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What they are saying

“For us, today is an historic day, because this fight for civilian control of the Internet is a struggle that has been going on for a long time. Despite the fact that the Senate acted quickly, this discussion with civil society has been going on for the last few years, in different spaces.”

Bia Barbosa, coordinator of Intervozes

“The Brazilian Communication Company is the company created to carry out public communications in Brazil, setting up a public communications network for radio but also for other media in Brazil, bringing together the entire public field, so that we can carry out the goals that were written in the Constitution, which are that there should be a complementary radio broadcasting system in Brazil, which is a state company, public and private. And if it is a state company, public and private the public has to have something different from the private sector and something also from the public sector. Perhaps the fact that by taking the best of each and attempting to create something that is much more interesting for the creation of citizenship. Much more interesting for the construction of persons, citizens and Brazilian citizens.”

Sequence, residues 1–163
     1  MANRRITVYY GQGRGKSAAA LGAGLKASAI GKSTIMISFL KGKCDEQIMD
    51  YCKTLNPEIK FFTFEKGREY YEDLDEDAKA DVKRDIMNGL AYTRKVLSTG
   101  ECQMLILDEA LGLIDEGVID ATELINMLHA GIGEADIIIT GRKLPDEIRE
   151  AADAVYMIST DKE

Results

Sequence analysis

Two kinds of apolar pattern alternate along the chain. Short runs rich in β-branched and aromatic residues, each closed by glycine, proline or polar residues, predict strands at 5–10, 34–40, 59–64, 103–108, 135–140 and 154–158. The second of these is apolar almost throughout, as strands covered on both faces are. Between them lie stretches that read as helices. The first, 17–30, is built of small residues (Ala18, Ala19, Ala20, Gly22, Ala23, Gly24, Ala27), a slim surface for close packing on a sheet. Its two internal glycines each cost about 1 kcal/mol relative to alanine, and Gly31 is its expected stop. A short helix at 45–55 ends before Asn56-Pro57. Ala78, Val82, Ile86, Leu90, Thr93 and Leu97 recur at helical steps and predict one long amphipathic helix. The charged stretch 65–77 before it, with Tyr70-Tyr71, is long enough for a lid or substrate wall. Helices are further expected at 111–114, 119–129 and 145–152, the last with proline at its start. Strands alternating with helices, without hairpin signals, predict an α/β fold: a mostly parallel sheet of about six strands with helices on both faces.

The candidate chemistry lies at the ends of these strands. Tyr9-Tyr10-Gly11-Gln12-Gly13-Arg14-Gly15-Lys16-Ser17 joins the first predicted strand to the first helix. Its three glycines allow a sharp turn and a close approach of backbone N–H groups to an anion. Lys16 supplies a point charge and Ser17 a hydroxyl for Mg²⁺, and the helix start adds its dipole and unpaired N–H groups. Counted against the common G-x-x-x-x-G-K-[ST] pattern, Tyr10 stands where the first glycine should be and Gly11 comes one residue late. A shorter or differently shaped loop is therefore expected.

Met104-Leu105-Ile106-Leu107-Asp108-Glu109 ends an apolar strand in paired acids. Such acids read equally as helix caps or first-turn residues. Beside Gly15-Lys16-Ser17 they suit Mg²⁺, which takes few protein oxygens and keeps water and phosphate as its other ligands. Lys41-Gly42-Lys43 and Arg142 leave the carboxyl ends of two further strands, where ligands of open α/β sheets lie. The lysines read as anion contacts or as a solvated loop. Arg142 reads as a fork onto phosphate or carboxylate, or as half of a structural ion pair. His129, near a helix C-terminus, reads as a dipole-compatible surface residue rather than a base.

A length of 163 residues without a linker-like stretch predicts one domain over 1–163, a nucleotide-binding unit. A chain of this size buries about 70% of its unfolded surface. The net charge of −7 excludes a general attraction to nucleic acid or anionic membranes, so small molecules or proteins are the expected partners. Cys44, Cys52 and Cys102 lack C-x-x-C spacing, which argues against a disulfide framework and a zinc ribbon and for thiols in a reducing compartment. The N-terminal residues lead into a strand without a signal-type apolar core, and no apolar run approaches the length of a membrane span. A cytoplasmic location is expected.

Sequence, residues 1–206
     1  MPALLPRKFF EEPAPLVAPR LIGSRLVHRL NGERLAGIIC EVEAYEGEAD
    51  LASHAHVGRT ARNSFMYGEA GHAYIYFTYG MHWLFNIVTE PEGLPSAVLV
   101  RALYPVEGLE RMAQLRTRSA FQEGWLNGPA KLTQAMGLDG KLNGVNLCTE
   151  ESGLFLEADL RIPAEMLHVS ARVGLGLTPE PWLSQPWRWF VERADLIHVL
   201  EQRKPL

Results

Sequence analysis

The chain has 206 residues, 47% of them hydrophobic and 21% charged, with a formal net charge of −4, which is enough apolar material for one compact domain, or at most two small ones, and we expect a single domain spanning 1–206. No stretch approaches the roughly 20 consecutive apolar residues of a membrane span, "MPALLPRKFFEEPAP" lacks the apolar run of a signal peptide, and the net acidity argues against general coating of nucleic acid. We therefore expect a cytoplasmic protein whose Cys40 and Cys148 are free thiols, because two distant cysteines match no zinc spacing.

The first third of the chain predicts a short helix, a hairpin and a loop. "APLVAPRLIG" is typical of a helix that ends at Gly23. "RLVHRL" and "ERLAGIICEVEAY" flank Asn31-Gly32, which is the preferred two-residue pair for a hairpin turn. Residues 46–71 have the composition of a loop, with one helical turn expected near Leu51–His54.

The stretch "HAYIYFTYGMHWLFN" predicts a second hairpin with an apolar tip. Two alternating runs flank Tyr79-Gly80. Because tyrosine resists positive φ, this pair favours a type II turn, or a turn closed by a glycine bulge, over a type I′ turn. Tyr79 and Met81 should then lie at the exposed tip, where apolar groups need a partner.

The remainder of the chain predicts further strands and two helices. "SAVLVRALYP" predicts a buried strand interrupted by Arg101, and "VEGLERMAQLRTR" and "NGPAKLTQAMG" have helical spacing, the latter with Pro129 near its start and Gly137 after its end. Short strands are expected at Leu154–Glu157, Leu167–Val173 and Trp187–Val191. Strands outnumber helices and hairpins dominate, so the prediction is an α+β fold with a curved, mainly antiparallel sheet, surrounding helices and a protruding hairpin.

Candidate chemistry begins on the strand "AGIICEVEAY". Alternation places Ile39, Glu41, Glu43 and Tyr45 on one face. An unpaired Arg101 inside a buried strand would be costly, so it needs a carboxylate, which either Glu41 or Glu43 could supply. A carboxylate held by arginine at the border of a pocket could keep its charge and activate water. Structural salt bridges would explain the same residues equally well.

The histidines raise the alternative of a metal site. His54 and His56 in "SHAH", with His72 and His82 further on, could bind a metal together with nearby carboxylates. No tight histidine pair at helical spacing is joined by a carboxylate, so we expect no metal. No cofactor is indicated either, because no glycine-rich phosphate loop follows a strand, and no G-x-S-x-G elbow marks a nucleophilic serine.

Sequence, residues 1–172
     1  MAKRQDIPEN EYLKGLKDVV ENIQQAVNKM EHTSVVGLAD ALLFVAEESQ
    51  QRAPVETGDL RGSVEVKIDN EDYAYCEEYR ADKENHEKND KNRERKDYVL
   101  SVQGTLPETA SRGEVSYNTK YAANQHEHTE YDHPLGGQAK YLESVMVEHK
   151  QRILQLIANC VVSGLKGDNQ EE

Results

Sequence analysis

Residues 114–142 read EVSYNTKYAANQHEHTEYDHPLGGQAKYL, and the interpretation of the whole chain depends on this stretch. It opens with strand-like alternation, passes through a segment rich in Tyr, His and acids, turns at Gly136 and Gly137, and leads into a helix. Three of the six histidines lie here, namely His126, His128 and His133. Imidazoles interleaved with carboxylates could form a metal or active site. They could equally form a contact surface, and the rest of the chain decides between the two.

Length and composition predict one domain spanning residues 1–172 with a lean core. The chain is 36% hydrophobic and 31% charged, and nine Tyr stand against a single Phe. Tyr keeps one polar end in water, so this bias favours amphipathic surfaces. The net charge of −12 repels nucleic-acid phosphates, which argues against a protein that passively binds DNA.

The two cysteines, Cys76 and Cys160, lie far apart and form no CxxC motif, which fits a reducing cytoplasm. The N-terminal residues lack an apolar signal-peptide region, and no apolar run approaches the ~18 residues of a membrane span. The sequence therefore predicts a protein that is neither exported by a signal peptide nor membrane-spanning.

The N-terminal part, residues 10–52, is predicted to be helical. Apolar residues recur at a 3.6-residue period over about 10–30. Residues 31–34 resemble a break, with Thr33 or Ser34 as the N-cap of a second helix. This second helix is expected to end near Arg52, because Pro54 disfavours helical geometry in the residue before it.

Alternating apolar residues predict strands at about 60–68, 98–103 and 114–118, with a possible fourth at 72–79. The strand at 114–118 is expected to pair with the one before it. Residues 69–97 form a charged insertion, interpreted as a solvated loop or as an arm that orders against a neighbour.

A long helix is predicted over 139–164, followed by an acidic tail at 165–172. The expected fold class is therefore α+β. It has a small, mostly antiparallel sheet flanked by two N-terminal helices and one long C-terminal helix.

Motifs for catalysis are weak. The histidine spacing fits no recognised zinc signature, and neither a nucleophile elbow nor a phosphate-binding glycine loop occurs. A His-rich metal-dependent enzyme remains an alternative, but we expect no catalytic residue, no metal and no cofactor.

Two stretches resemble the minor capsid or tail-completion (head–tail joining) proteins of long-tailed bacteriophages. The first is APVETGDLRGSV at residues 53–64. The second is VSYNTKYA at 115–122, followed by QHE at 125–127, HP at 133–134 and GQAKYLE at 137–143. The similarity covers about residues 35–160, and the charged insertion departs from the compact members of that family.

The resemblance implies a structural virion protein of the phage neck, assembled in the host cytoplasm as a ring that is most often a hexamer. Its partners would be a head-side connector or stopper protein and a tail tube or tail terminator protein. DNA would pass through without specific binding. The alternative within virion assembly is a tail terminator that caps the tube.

Nelson Breve, director-president of the Brazilian Communication Company (EBC)

“We are based on the assumption that Confecom is being constructed in a scenario, in our country, in which injustice and inequality are supported by the media. Where the triple base of racism-capitalism-patriarchy are all interlinked, interfaced and interwoven. And if we change one and not the other we are not going to be able to move and overcome the inequalities and injustices. And we understand that the process of the Conference is an attempt to create fissures in the system. And we will not be able to resolve these fissures simply with the first Conference.”

Vera Gaspareto, representative of the Central Workers Union (CUT)